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Pang, Lin Ultrafast and Nanoscale Optics Group, Department of Electrical and Computer Engineering, University of California, San Diego, California.
Fainman, Yeshaiahu S. Ultrafast and Nanoscale Optics Group, Department of Electrical and Computer Engineering, University of California, San Diego, La Jolla, California.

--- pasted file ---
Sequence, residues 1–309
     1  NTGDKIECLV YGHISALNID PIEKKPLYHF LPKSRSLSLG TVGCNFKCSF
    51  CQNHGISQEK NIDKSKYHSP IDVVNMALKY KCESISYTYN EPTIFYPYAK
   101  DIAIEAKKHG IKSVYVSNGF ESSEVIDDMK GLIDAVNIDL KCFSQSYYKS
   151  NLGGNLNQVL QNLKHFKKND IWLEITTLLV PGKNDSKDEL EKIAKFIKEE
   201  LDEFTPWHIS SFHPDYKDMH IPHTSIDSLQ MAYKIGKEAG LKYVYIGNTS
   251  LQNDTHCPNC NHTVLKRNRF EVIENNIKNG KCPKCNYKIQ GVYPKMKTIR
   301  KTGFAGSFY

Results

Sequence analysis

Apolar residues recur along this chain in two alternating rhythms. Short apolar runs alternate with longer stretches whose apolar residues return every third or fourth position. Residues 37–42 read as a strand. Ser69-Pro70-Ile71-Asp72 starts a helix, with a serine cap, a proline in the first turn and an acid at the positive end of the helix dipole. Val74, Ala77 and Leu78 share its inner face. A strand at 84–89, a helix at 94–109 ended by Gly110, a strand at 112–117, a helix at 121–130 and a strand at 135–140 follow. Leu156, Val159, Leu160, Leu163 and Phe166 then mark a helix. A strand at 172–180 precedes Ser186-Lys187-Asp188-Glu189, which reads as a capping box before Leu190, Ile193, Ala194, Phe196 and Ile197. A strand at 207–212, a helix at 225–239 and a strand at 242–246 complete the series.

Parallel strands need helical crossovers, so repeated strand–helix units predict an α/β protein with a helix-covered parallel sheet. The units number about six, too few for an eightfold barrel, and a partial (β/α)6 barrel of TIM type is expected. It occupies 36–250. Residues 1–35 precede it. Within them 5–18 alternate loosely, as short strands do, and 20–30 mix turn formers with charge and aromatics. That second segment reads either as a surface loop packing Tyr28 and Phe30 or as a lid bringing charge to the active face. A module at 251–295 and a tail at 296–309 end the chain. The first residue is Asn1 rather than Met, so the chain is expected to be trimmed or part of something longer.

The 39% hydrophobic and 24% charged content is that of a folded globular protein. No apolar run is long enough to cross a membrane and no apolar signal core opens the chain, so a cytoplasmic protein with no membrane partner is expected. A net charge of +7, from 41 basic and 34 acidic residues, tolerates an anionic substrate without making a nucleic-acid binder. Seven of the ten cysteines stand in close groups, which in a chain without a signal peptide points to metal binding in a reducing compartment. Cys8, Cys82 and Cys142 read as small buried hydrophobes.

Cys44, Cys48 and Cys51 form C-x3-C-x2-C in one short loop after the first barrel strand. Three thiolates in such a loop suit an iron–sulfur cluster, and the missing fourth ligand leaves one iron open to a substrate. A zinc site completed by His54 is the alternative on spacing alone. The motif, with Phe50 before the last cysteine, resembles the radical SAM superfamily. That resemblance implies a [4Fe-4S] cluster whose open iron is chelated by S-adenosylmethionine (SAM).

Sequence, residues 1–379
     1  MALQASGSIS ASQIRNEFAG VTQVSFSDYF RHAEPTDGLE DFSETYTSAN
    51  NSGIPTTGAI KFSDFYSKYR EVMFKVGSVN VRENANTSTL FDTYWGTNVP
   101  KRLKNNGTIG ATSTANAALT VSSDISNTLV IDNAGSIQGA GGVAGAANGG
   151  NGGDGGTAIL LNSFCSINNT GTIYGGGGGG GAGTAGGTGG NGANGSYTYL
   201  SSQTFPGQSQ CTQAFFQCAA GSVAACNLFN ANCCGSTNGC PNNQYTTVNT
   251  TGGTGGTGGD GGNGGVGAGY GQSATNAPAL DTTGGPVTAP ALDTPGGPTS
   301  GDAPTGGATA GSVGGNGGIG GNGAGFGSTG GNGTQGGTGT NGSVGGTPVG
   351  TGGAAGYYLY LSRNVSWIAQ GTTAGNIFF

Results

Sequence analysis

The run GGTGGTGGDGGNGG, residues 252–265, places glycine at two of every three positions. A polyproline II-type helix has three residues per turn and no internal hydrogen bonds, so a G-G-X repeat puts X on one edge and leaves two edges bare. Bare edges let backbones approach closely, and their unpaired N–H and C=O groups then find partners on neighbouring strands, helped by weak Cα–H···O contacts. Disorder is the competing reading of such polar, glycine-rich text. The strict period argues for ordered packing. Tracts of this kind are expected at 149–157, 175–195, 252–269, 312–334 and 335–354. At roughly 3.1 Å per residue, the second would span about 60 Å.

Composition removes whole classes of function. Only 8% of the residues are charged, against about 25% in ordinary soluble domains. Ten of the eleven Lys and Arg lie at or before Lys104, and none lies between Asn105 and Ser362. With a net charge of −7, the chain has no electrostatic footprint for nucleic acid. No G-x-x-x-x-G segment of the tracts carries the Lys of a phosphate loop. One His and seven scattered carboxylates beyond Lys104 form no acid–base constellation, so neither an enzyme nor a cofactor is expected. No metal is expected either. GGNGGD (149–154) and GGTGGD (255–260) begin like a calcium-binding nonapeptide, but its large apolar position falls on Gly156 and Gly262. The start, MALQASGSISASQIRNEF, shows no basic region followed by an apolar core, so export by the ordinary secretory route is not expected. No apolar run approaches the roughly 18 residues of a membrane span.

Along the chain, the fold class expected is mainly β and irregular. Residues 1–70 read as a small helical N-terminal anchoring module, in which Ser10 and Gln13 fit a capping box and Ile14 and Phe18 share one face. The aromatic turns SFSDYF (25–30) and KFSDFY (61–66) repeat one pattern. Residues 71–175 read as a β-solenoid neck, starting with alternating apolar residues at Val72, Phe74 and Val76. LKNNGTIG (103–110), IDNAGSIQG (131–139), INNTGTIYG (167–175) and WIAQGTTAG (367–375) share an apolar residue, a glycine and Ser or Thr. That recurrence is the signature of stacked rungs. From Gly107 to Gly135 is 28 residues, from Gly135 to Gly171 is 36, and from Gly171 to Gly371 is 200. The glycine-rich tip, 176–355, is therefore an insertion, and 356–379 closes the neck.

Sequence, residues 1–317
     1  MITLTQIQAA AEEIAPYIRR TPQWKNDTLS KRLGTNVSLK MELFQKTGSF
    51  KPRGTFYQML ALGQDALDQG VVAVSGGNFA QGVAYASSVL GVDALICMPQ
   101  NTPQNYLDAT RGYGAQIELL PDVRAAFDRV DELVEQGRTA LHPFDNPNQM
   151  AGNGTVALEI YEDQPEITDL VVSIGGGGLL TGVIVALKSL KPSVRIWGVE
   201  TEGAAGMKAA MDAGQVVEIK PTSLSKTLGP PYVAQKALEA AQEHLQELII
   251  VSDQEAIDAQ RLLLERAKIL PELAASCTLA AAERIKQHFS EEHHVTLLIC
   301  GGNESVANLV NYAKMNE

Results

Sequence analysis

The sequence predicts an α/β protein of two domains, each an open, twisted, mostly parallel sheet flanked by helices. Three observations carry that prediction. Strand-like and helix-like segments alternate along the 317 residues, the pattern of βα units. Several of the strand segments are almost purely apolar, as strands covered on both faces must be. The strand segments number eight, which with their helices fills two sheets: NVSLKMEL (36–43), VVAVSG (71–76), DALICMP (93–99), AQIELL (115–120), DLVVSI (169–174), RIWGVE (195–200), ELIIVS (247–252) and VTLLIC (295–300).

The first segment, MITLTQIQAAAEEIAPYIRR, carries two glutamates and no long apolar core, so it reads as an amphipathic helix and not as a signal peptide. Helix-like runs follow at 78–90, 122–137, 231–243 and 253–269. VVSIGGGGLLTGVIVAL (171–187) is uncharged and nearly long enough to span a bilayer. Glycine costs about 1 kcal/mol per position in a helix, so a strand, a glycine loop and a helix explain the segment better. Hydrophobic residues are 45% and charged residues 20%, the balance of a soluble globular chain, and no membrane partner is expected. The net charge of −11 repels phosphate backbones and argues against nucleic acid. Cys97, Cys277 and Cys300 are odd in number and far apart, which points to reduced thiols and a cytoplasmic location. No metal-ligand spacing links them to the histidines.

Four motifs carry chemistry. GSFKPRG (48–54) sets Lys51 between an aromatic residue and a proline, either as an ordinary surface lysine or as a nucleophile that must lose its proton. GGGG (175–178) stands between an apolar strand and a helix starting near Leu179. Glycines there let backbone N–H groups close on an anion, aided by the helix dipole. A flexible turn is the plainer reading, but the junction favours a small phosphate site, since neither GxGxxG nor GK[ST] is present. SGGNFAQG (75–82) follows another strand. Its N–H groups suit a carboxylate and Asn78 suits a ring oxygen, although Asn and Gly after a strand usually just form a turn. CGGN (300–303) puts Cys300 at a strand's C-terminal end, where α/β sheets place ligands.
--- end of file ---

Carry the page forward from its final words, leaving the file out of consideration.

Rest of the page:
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Plasmonics, the study of optical resonance in metallic nanostructures, was unknowingly used hundreds of years ago by alchemists and glassmakers to make stained-glass windows and colorful goblets that incorporated various small metallic particles into the glass. The various colors exhibited in the glass matrix are the result of the nanometallic particles in the glass scattering different wavelengths of light. How the light is scattered depends on the size and shape of the particles because of the plasmonic resonance of a metal, which is generated by the collective movement of free electrons in response to incident light waves. One form of the excited plasmons, called the localized surface plasmon resonance, depends strongly on the nanoscale size, shape, and specific metal material. A consequence of this resonance is that the local electric field is enhanced by several orders of magnitude compared to the electric field associated with the incident optical field. Another form of the plasmonic resonance is generated at the surface of a metallic film: The excited collective oscillations of the free electrons follow the momentum of the incident wave traveling on the metallic surface, called the propagating surface plasmon resonance.
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